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Angel receives 2022 ACM SIGGRAPH Distinguished Educator Award

August 15, 2022 - by Kim Delker

Edward Angel, professor emeritus of computer science at The University of New Mexico, is the recipient of the 2022 ACM SIGGRAPH Distinguished Educator Award.

In connection with his award, he was invited to give a talk during the conference held Aug. 8-11 in Vancouver, Canada.

photo: Ed Angel
Ed Angel discusses his teaching career at the ACM SIGGRAPH conference

Established in 2018, the Distinguished Educator Award is given annually to a member for outstanding pedagogical contributions to computer graphics and interactive techniques at any educational level or within the context of any discipline. The award recognizes contributions in both innovative content and delivery. The award is presented annually during a SIGGRAPH award ceremony.

“The award means a lot to me because it’s based on my whole career and it’s about what I've cared the most about professionally,” Angel said.

He is a former professor of two schools at UNM — the School of Engineering and the College of Fine Arts. He joined the School of Engineering faculty in 1978, first joining the Department of Electrical and Computer Engineering, then the Department of Computer Science.

He is well-known for a series of textbooks and courses that introduced a top-down approach to teaching computer graphics that allows students and practitioners in computer science, engineering, science and mathematics. His textbook, Interactive Computer Graphics, went into its 8th edition in 2019 and is used around the world.

In addition to authoring two other textbooks in the field, he also contributed to the compilations OpenGL Insights and WebGL Insights with chapters on teaching OpenGL and WebGL. He also embraced new ways of reaching people and taught an early Coursera-based Massive Open Online Course in computer graphics that attracted 14,500 people to sign up for it, reaching people around the world who would otherwise not have access to his instruction.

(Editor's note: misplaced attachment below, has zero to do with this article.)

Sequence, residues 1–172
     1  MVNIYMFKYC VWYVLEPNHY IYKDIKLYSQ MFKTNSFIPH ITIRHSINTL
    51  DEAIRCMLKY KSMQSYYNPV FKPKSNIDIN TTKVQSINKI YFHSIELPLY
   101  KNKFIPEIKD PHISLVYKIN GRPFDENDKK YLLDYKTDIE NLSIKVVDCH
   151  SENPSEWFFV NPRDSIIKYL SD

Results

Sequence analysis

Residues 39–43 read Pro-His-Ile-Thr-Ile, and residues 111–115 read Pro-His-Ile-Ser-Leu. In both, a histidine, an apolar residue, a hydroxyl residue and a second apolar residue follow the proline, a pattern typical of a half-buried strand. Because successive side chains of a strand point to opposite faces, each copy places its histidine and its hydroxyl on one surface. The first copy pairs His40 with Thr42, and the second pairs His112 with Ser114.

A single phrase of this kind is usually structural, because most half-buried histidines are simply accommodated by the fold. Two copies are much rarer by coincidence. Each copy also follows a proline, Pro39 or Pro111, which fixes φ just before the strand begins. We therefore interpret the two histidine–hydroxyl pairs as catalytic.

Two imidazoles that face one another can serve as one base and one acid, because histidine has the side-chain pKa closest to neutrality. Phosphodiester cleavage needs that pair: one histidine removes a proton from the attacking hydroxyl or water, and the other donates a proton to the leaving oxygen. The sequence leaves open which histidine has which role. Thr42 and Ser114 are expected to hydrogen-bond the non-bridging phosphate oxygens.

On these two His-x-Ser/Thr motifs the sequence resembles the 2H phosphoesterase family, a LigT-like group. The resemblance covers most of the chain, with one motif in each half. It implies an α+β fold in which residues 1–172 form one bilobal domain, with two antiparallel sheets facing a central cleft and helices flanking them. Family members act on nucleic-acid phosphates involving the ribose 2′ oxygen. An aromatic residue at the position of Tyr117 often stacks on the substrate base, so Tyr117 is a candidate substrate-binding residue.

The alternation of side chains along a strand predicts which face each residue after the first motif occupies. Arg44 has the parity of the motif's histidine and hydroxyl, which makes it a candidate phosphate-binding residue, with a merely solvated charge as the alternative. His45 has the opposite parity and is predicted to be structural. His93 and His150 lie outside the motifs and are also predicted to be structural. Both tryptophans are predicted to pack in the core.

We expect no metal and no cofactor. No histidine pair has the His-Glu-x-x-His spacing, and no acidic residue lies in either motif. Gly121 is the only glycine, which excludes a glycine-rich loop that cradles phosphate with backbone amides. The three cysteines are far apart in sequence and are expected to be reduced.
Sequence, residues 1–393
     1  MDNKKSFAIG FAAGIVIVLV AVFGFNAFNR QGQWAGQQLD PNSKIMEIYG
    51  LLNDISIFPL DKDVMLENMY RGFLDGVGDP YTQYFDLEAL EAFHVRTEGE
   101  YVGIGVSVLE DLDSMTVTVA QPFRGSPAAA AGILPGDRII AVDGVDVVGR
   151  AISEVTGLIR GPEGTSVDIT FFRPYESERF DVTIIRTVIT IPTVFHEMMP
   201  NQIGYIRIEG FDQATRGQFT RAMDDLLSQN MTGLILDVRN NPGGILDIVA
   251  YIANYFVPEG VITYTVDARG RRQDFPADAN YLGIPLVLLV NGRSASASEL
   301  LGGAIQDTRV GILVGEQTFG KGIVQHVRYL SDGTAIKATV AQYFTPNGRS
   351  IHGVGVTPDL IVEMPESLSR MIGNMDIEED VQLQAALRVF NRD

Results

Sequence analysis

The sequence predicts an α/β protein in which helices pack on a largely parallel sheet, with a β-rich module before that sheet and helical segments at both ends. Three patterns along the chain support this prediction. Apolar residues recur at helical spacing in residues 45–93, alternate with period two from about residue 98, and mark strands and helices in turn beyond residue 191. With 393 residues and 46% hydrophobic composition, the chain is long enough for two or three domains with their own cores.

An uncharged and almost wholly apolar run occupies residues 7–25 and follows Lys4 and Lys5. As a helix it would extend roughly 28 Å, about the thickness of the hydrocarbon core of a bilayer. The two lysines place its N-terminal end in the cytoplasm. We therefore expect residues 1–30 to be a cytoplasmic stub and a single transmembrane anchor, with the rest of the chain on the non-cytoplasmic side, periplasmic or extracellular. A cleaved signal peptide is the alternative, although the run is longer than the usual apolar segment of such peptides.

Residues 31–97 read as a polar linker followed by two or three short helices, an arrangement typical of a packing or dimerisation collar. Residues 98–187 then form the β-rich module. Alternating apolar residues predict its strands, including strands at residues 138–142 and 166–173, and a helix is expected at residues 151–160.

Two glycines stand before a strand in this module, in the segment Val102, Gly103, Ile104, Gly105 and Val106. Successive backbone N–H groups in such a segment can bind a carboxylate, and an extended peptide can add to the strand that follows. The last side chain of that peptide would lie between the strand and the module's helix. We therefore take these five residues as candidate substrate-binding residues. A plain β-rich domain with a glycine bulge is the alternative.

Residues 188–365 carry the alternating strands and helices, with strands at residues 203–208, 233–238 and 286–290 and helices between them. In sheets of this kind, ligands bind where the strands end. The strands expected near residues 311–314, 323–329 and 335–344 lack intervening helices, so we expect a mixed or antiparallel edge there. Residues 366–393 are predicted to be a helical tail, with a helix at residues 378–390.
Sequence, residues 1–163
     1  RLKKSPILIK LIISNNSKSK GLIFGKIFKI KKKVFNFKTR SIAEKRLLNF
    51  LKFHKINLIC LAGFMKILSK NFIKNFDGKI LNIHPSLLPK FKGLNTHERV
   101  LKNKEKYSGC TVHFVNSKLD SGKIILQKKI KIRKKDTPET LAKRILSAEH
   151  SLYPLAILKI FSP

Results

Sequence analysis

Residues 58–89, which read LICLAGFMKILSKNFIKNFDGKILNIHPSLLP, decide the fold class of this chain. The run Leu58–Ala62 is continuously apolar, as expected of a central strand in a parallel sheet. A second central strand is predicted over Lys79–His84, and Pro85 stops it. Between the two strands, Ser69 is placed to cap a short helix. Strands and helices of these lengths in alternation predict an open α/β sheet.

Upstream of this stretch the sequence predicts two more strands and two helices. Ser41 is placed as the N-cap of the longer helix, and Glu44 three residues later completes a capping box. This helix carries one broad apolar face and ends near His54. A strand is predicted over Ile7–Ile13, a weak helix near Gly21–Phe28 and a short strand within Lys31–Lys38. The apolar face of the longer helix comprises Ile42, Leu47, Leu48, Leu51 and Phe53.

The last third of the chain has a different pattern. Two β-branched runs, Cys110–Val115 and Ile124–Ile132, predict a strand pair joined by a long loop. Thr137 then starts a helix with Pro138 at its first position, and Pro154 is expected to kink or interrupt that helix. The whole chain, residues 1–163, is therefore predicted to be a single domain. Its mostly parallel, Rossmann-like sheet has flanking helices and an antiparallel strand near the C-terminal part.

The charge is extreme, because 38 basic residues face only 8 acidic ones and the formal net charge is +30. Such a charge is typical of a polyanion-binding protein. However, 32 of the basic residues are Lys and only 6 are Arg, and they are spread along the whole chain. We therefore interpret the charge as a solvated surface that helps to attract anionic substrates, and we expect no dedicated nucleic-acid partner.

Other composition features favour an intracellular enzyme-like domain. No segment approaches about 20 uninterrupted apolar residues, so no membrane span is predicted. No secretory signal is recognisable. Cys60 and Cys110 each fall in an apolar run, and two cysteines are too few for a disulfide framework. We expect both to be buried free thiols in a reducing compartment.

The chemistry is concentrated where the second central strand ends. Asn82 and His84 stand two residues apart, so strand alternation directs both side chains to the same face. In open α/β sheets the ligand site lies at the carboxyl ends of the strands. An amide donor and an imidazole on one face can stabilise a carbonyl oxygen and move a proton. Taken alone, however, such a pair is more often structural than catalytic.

A native of Brooklyn, New York, he was educated at Caltech and the University of Southern California (USC) and was a faculty member at USC; University of California, Berkeley; and the University of Rochester in New York. But despite his East Coast heritage and bicoastal experience, it was New Mexico that captured his heart.

As a faculty member at UNM, his research areas were primarily in computer graphics, scientific visualization and image processing. Although his CV is filled with highly technical journal articles, he said in all his years in academia, what was most important to him was the teaching. He was the first UNM Presidential Teaching Fellow in 1993 and received a Senior Fulbright Lectureship in 1981. “I’m still passionate about education. It’s fun. The students — that’s what mattered to me."

He pioneered a project at UNM called the ARTS Lab — which stands for art, research, technology and science — in 2003. The ARTS Lab was formed to take advantage of New Mexico’s unique combination of art, technology and culture, placing an equal emphasis on teaching, research and economic development.

Angel's out-of-the-box thinking also is evident in his involvement in the creation of New Mexico Computer Science for All, which has reached hundreds of teachers across the state to educate them about how to inject computer science and computational thinking into the classroom. He has served on a variety of community boards, including the Governor's Council on Film and Media Industries, was vice president of the board of directors for the New Mexico Supercomputing Challenge and is the former chair of the board of directors of the Santa Fe Complex. He also served on the boards of Creative Startups (Santa Fe) and the Charleston Immersive/Interactive Media Studio (South Carolina).

In 2019, the School of Engineering honored Angel with the Alumni Leadership Board Exemplary Service Award.

He retired from UNM in 2007, becoming a professor emeritus, and stays active in artistic and educational causes. He and his wife, Rose Mary Molnar, live in Santa Fe, and enjoy traveling.